“De Humani Corporis Fabrica”—the Latin title means “On the Fabric of the Human Body”—is not as groundbreaking a picture. But it is a compelling and possibly important one. Not so much because of what it shows, although what it shows can rightly be described as shocking and galvanic. (By the same token, it occurred to me that if you’re a meat eater, you ought to be able to handle some of the ostensibly extreme imagery.) It’s because of the proximity in which it places you to the doctors and technicians cutting up the patients. We don’t see them all that often, but we hear them. The movie opens with a dialogue of unseen women talking about the burnout they experience working in an ICU. One speaks of a young patient with an intestinal ailment that will kill him and the jarring fact that he’s been in the ICU for over 100 days. One thing that ameliorates the misery for these workers is that ICU patients are generally short-term—10 days max. It prevents them from becoming too attached to their cases. Otherwise, it’s heartache beyond what they already endure. The testimony is wrenching.
Other stuff isn’t so inspiring. The banter during a catheterization, for instance. Or the dialogue during the prostate surgery, including the repeated “that’s a huge prostate” and the one thing you definitely don’t want to hear during surgery, “I’m a little lost here.” These caretakers are all too human. The movie somehow turns that into a reason to admire them all the more.
Outside the surgery spaces, there’s awful sorrow: old patients with dementia or other forms of mental disorder wandering dimly-lit corridors, whispering “shut up” to companions who aren’t even talking, obsessively pushing elevator buttons.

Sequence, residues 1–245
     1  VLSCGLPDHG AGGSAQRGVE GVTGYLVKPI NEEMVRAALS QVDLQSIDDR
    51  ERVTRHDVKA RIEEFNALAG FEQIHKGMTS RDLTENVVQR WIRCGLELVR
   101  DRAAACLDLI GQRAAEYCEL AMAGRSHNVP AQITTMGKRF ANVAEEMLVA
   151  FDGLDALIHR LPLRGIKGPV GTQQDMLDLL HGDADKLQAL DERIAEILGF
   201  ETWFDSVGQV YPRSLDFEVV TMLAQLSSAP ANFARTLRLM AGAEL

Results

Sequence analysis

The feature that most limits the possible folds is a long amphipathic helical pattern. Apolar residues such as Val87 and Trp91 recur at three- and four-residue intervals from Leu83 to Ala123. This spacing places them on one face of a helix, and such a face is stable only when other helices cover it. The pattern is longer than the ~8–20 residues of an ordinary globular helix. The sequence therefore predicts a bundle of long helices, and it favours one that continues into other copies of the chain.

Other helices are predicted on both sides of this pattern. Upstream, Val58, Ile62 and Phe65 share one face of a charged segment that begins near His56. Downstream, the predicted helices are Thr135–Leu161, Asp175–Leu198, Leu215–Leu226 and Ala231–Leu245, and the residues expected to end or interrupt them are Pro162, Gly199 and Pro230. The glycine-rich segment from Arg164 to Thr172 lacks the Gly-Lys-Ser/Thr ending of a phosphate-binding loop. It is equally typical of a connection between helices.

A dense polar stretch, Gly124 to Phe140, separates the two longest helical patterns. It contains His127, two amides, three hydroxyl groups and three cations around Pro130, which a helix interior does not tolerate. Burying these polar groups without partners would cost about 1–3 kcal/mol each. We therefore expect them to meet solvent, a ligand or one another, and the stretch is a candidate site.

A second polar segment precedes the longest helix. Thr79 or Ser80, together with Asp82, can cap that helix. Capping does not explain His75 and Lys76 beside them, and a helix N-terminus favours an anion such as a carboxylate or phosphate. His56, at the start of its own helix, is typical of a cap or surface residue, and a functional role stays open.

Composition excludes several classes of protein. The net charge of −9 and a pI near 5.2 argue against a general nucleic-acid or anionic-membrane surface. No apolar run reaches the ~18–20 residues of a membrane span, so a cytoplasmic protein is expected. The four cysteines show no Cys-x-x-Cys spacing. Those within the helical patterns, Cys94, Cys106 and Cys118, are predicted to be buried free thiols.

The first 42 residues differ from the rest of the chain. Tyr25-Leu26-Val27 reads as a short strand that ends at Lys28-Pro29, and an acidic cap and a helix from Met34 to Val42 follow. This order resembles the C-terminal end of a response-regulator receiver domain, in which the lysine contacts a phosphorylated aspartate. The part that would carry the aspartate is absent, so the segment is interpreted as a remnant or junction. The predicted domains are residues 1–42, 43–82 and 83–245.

Paravel and Castaing-Taylor are makers of ostensibly immersive documentaries that offer viewers little conventional guidance. There’s no narration, no chyrons telling where you are, and no talking-head interviews that provide context. You just get tossed in the pool, or the sea, as in their acclaimed 2012 “Leviathan,” an exploration of commercial fishing. I found one of their later films, the 2017 “Caniba,” about a murderer/cannibal, a hard miss and an arrogant one.
Some passages in this movie have a ring of “we’re gonna MAKE you look at this” arrogance, but I could just be projecting. As you get older, you spend a lot more time in hospitals, looking after sick and/or dying loved ones or undergoing medical procedures of your own. Ask me about my percutaneous nephrolithotomy some time! More than once while watching this picture, I thought, “I don’t need to see this—I’ve lived through it.” But I’ll be 64 this year. The college kids at my screening, attending as part of their documentary class, thought it was awesome. And it is educational. Next time you talk to someone who tells you they have a steel rod straightening out their spine, you’ll know how it got there and be glad you didn’t have to go through the process.
Now playing in select theaters.